Sponsors of Proposition 10, the Nov. 3 ballot initiative to increase cigarette taxes by 50 cents a pack, declared a razor-thin victory Wednesday.
The opposition, known as the Committee Against Unfair Taxes, which was financed chiefly by multimillion-dollar contributions from the tobacco industry, conceded defeat.
Actor-director Rob Reiner, who led the campaign to approve Proposition 10, declared it a winner as the margin of votes in favor of the initiative continues to rise.
The measure is now ahead by 57,070 votes out of more than 7.6 million cast. On election day, Proposition 10 led by only about 13,000 votes with about 850,000 absentee and other late ballots uncounted. About a third of those remain to be counted, mostly from Los Angeles and San Francisco, which Reiner said “have been pretty good to us.”
As these were tallied, Proposition 10’s margin of approval had improved to 0.8% as of Wednesday, one of the narrowest apparent victories in state history.
Beth Miller, spokeswoman for Secretary of State Bill Jones, noted that “as more absentee [votes] come in, the more political consultants are able to draw a conclusion” that Proposition 10 would win. Counties must file their final tallies to Jones by Dec. 1.
Proposition 10 calls for the increase in cigarette taxes to begin Jan. 1, taking the state excise tax from 37 to 87 cents a pack. Higher levies on snuff and other tobacco products will start July 1.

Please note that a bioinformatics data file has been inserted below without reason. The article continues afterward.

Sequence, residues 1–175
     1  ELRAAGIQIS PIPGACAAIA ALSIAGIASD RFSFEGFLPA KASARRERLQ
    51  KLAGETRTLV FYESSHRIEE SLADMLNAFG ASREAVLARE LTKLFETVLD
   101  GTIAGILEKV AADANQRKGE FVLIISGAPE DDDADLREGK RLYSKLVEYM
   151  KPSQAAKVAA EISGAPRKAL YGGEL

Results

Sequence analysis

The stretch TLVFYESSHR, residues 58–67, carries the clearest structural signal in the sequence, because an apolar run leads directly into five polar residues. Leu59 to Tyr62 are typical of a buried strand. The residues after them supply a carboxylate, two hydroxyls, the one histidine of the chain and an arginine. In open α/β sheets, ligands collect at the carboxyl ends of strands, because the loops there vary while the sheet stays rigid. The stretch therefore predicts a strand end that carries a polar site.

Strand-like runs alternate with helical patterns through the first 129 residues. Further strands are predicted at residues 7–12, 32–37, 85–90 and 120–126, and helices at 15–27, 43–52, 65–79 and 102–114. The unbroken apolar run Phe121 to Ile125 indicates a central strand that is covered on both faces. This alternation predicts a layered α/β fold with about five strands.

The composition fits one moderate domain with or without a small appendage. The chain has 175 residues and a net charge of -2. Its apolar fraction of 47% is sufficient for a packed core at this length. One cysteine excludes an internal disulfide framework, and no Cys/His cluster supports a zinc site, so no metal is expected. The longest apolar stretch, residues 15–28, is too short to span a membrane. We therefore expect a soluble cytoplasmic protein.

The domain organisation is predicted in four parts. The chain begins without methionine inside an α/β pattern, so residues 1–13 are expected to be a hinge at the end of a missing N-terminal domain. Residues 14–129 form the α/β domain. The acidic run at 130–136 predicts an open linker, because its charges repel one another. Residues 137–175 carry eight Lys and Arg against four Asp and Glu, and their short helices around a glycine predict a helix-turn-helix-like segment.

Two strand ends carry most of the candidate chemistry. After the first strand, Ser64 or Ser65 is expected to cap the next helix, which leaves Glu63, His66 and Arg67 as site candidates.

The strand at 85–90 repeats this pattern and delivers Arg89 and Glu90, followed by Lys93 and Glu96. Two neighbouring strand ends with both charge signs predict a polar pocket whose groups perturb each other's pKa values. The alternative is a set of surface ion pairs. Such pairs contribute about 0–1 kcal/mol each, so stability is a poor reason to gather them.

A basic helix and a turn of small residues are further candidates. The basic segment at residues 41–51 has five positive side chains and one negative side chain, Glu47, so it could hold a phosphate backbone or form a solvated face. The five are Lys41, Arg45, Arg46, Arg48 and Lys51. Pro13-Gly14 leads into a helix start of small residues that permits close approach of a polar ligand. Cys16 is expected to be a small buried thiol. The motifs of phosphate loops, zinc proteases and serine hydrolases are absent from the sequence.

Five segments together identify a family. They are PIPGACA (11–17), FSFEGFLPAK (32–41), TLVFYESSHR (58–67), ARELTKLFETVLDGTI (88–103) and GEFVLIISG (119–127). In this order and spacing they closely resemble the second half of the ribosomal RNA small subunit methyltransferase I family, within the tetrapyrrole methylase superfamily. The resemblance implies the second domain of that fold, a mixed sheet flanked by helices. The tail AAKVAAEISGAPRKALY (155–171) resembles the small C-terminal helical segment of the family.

The about $750 million a year in new revenue would help finance a variety of health, day care and other programs for California infants and preschoolers.
The projects would be administered by a state commission and satellite commissions in all 58 counties. The volunteer commissioners could finance existing, underfunded programs or select new ones.
In Los Angeles County, the Board of Supervisors has already begun debating who would serve on the local commission. The initiative requires at least one supervisor per county.
A euphoric Reiner called Proposition 10’s apparent outcome a “victory for the children” and predicted that when all the ballots are counted, “we’ll be over 60,000 votes [ahead].”
“This is the greatest high I’ve had, aside from the birth of my three children,” he said.
In an interview, Reiner said he had anticipated a stiff fight from the tobacco industry, but “I didn’t expect what it [turned out to be]. They will have spent in excess of $40 million. We probably spent close to $6 million.”
He also said he is considering taking the California program nationwide.
“There’s been a lot of inquiries from around the country. California is a bellwether state. There [are] usually national implications of what we do in California,” Reiner said.
Matt Taggart, spokesman for the anti-Proposition 10 campaign, acknowledged that there are not enough uncounted ballots to overturn the apparent victory.
But he said the narrow margin demonstrated that almost half the voters oppose new taxes and more government intervention and are “weary of the cynical use of anti-tobacco rhetoric to advance their self-interest causes.”